The Oilers Car Club and Watered-Down Denim Just Don’t Mix
Unsupervised time on the Internet is wading into a murky pool, indeed. African princes need money to liberate their stolen fortunes, pills for enhanced male “performance” (she’ll like it too!) are but a click away, and then there’s the most nefarious of digital offerings: targeted marketing content (shriek!)…videos that sneak up pretending to be something other than, as Ralphie in A Christmas Story lamented, “a crummy commercial?” Welcome to the real world, kid. Before you know it, you’ll wish you had shot your eye out. Maybe both.
Such was the case when I was on Instagram, minding my own business looking at pottery videos (stop judging me), when I saw a video featuring the Oilers car club and J. Crew’s Wallace & Barnes jeans. Instead of it being a case of never the twain shall meet, it was an unholy marriage…a desperate grab at market share making for the strangest of bedfellows.
Watch the video HERE, and then read on.
The Oilers are the car club behind The Race of Gentleman, a couple times a year beach race and (alleged–more on this to come) celebration of classic hand-built hot rod culture. There are strict rules about what cars and motorcycles can participate, as authenticity (supposedly) rules the day. So you can imagine my surprise when I saw this club hawking for J. Crew’s Wallace & Barnes, jeans and shirts worn by dentists in their off-hours.
Now I’m no J. Crew snob–I’ve shopped there plenty, and at this very moment the rod in my closet hangs heavy under the weight of many Ludlow blazers. Hell, I got hitched in one of their velvet numbers. And while I’ll never be accused of being a car guy or steeped in that culture (Brian Wilson–should you care to write a song about my bitchin’ 2017 Prius…the “hybrid motor in my Toyotor,” I’m all yours), I have for years appreciated and admired those who keep that noble American tradition alive, and I know posing when I see it. (At 50, I have been full of shit for at least 36 of those years.)
There’s nothing wrong with Wallace & Barnes jeans except when you try to tell me they’re the brand favored by grizzled hot rodders. And there’s nothing wrong with touting yourself as keeper of the flame of flathead Fords and knucklehead Harleys except when you tell me that after you’ve outfitted yourself at the mall. Did you grab an Auntie Anne’s soft pretzel and mango lemonade mixer on your way back to the mini van? I mean Deuce Coupe.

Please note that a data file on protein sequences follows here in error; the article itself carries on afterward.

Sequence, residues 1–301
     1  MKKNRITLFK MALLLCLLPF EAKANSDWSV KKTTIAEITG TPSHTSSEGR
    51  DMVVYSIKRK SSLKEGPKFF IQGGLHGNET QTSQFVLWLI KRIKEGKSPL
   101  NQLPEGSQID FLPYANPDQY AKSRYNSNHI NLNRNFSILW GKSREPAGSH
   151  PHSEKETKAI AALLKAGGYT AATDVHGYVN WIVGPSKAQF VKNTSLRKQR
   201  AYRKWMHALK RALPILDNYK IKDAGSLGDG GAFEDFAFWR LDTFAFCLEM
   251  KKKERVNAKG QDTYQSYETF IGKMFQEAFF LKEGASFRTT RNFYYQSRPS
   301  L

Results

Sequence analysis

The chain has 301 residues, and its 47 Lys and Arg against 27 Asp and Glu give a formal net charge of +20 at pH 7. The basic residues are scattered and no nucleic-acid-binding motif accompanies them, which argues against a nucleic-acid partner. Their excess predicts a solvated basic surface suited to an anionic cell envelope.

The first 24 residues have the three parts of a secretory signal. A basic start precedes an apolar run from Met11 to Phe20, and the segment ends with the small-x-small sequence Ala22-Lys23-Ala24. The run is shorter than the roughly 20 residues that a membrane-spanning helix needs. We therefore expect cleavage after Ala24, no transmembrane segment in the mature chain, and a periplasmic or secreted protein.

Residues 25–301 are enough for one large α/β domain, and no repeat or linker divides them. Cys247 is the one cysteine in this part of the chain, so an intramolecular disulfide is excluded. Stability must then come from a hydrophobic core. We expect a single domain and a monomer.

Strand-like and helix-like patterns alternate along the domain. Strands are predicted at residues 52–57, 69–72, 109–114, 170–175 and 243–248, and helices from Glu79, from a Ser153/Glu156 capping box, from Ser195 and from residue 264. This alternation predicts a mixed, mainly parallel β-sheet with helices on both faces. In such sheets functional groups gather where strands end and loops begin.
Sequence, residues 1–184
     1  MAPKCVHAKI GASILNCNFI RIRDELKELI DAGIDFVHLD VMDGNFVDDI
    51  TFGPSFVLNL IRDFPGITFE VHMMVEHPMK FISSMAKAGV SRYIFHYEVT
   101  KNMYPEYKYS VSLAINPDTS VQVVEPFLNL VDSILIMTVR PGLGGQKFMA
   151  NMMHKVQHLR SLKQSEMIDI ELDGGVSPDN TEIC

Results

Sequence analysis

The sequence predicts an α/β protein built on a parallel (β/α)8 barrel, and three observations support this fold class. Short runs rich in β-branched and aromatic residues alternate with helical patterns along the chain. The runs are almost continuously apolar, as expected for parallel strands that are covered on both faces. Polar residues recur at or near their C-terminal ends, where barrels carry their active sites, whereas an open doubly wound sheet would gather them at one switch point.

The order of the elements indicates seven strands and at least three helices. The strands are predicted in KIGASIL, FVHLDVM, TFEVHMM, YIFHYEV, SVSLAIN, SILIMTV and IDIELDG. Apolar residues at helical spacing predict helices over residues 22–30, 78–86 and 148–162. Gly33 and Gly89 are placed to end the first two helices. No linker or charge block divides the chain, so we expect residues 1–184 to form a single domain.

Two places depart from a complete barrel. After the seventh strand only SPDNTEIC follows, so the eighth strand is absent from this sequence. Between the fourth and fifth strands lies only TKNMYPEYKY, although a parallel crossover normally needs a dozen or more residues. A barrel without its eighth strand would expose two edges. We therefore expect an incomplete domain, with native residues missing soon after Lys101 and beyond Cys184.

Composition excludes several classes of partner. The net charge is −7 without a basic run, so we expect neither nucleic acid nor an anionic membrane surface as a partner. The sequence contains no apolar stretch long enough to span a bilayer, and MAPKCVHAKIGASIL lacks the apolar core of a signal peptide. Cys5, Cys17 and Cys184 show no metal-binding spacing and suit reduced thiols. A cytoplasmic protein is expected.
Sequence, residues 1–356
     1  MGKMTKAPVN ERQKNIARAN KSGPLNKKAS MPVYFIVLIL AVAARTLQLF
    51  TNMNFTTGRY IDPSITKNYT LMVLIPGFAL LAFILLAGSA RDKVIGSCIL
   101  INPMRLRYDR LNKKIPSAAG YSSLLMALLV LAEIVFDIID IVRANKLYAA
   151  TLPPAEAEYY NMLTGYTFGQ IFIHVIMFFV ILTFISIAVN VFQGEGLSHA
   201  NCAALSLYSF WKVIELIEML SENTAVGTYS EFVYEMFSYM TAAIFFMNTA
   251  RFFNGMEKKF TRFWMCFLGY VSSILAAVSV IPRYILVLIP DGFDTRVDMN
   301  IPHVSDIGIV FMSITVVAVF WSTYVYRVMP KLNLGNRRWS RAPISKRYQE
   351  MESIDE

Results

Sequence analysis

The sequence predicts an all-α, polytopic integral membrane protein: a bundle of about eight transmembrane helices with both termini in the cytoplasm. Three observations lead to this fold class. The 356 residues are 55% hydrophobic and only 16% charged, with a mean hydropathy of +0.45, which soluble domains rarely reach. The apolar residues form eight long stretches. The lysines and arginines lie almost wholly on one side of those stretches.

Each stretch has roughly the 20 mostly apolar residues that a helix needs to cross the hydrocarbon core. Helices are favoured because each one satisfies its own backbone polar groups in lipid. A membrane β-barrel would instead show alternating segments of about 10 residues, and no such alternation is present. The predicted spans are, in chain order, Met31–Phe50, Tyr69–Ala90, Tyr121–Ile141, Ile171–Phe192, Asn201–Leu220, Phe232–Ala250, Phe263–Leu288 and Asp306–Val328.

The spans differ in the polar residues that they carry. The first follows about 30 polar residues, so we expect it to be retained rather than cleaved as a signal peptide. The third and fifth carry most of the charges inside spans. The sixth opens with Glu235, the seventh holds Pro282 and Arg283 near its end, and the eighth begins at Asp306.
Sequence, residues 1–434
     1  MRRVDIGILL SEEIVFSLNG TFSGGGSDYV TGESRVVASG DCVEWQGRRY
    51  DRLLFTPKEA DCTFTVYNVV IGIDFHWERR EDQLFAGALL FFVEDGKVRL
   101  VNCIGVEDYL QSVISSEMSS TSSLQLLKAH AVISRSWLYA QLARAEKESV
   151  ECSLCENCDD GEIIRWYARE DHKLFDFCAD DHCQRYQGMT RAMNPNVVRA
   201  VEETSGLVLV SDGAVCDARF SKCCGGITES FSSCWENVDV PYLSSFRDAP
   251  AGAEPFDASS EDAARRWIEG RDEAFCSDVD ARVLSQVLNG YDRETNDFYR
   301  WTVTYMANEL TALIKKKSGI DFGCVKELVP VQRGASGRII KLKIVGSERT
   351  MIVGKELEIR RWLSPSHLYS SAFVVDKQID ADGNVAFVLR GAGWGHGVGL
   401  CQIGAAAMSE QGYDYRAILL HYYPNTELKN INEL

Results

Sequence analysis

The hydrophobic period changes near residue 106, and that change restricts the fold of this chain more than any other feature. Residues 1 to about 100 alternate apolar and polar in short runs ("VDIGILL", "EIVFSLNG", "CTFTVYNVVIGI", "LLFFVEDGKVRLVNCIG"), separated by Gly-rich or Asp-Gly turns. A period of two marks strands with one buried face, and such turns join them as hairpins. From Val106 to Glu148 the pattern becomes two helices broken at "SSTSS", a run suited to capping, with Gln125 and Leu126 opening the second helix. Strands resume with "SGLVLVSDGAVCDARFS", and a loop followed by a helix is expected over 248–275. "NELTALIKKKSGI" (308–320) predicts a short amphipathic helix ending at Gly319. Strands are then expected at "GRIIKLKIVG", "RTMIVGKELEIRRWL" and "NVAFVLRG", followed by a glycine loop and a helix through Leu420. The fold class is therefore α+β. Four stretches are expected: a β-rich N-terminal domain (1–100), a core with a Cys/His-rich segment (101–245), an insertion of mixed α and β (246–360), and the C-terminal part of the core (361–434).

But as I do two or three hundred times a day, I wondered, “Maybe I’m crazy?” So I decided to check myself by reaching out to an old friend—an East Coast car guy with plenty of greasy bonafides deep beneath his fingernails and more street cred than Wallace & Barnes has ripstop cargo pants. He goes by the handle Troy Burkheimer, and when I asked him to jot down a few of his thoughts on the matter, I apparently hit a nerve. Gird your loins…
The mastery of the humble brag in Bearded Hipsterdom is finally getting paid. Which means that, just when I thought we’d long ago seen the last grinder-spark video come out of a painfully curated custom vintage oriental-rugged motorcycle shop-slash-coffee beanery-slash-weathered American flaggery in Williamsburg, it looks like we’re stuck with them til the money runs out.
Whose money? I guess we can blame Wallace & Barnes for rewarding this behavior. Seems as though a J. Crew art director went down the Jersey Shore with a film crew and a Sprinter full of W&B merch, found a few Civil War cosplayers running around on early Harley flatheads and beating their appropriated mid-century California car club plaques into patina-ed submission, dressed them up in fresh ankle boots, matching leather bowie knife scabbards and knit whaling caps and asked them to tell us about how original they are on video and shucks…they’re all just a band of brothers we happened to catch tossing well-art directed firewood into a stove in this thousand year-old shed they’d been combing their beards in.